Regarding sale of Bridgeport’s Sikorsky Airport: This latest, criminally-stupid divestment of an extremely valuable Bridgeport asset by the Ganim Administration is testimony to Ganim Administration chronic short-sightedness, incompetence and reptilian sensibilities and morals/ethics — exhibited over two such administrations over a period of 30 years.

Certainly, a square mile of land on Long Island Sound, in Fairfield County, is worth several times more than $10 Million — for any commercial use, including as an airport!

To be able to divest the citizens of the City of Bridgeport of such an asset, sans referendum, is indicative of extreme structural deficiency in Bridgeport government requiring a major study and charter revision initiative. (And where is the state Department of Economic Community Development and the governor’s office in this situation? Shouldn’t they be trying to keep Bridgeport’s economic assets and prerogatives intact? And our general assembly delegation and the rest of the GA?)

The Ganim Administration has led in the deconstruction of Bridgeport. And the state has been just too eager in its complicity, in this regard. Connecticut has been building Stamford for the past 60 years, using the other nearby urban centers — especially Bridgeport — “ for parts.”

Need a juvenile jail in Fairfield County — put it in Bridgeport… Need a solid waste recycling center, including incinerator — put it in Bridgeport…. Need workforce housing, with all of the associated infrastructure and social-needs expense — put it in Bridgeport.

What did you say? Bridgeport needs a serious sum of money from the state for economic development pursuits? Forget about it! Sell a park or an airport — or raise taxes on your captive, residential audience… (But, in the meantime, give $500 million to Hartford to make sure that Gold Coast Boy, Luke Bronin, doesn’t look absolutely ineffectual as mayor…)

So, the blame for the dysfunction and decay of the state’s largest city can be squarely laid at the governor’s and legislature’s doorstep — both of which, for 60 years, have seen fit to appease the Connecticut oligarchy and build Stamford at Bridgeport’s expense, using Bridgeport for “spare parts,” while ignoring the oversight and real-assistance needs of the state’s largest city in a deliberate, premeditated manner, all too happy to have complicit, cooperative administrations at the helm in Bridgeport City Hall.

The voters of Bridgeport and the rest of Connecticut who have the vision to realize the potential value of a socioeconomically vibrant Bridgeport to the future of the state should take the treatment of Bridgeport as the state’s intellectually- and ethically-challenged, bastard-stepchild municipality into account when they are making choices for their legislative and gubernatorial representation in the upcoming elections. They should remember that Bridgeport’s general health reflects the health of the rest of the state and is indicative of the future of the Connecticut.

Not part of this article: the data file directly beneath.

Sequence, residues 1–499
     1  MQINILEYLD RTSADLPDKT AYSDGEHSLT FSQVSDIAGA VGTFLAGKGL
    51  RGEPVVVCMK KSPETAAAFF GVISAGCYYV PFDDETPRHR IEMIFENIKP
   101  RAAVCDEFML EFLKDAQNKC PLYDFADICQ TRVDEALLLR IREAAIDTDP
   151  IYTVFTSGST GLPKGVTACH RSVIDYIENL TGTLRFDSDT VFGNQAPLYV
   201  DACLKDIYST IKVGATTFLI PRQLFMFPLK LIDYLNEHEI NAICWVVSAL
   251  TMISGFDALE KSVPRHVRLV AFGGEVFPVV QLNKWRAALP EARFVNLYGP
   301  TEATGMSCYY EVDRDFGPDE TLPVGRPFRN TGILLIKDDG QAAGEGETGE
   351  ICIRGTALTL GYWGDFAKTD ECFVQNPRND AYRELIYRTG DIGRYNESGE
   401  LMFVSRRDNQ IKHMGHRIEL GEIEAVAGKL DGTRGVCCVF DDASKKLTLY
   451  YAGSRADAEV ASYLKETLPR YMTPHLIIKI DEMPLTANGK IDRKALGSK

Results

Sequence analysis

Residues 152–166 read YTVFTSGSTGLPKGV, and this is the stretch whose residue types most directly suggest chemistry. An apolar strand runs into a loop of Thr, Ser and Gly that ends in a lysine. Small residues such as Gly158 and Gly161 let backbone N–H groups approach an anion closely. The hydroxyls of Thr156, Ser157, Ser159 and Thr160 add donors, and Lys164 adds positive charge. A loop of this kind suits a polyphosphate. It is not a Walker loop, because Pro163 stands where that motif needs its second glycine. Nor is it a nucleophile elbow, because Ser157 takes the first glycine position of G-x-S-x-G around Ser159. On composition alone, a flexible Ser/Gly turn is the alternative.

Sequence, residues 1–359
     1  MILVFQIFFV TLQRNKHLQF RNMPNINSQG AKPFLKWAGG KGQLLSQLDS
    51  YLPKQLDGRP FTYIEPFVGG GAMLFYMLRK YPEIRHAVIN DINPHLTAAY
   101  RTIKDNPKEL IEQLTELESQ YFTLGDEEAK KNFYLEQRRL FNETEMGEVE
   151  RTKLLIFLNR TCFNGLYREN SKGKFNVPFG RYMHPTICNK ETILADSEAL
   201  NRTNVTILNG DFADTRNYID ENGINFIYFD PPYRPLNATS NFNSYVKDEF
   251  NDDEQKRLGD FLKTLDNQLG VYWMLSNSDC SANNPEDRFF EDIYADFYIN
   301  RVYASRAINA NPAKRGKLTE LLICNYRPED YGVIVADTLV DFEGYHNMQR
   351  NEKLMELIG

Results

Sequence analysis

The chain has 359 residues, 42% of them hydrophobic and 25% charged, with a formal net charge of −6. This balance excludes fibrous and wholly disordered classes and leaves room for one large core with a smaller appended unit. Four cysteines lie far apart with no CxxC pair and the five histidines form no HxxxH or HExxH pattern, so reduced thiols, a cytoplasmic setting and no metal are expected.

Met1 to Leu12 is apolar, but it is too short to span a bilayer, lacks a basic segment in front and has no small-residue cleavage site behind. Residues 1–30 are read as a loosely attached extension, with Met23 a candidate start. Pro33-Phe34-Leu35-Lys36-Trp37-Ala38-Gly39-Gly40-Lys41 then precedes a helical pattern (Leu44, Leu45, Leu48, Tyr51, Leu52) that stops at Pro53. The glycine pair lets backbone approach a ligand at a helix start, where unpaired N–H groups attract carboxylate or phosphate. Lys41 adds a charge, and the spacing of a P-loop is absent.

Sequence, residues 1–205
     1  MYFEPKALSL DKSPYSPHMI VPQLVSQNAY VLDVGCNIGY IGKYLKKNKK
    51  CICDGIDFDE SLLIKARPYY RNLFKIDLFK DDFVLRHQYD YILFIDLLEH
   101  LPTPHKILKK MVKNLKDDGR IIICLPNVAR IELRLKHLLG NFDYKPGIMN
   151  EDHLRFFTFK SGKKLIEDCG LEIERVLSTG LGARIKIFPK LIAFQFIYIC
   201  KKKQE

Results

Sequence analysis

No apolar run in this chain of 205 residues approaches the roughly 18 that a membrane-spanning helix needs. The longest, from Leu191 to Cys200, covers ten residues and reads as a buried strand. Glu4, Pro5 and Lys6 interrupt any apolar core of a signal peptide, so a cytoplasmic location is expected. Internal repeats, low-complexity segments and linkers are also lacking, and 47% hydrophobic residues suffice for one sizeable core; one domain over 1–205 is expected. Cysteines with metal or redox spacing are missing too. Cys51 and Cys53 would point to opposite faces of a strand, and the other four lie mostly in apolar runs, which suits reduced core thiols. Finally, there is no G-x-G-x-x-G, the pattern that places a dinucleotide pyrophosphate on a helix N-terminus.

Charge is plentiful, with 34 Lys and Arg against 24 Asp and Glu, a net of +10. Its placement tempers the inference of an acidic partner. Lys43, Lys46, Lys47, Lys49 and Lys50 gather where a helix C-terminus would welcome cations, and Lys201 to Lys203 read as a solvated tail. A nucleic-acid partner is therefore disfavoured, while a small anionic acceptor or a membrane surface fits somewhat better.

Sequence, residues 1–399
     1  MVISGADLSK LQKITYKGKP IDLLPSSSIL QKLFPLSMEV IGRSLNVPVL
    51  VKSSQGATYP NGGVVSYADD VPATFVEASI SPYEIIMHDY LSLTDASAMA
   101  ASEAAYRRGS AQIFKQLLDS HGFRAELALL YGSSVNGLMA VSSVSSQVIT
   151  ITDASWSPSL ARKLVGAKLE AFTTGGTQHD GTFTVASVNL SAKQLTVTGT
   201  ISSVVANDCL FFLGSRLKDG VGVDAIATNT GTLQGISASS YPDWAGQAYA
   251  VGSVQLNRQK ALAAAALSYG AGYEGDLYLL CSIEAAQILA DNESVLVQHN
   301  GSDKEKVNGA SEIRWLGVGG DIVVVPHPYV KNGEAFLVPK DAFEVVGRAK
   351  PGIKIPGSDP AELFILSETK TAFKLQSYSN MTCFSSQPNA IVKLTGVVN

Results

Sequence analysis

If the people of Bridgeport, and the rest of the state, realized that the state’s current economic development policy(ies) — favoring the overdevelopment of the historical transportation-bottleneck of the southwest corner of the state, over a more distributed development of the state by way of utilization of natural/extant assets that favored historical, statewide economic health and vibrancy — has led to a state that is still last in the nation in job development, urban economic progress, and property-tax reform, with much of the state still experiencing a middle-class/young-professional exodus, we would have a much different composition of the general assembly, Governor’s Office, and operative economic development policy(ies) (including an actual statewide plan of economic development).

It is time for big political changes in Bridgeport, and at a statewide level. Is it possible for Bridgeport and the rest of the state to muster the political savvy and will to bring indicated change to Bridgeport City Hall and Hartford in the upcoming elections? So far, in this election cycle(s), it wouldn’t seem so…

Jeff Kohut lives in Bridgeport.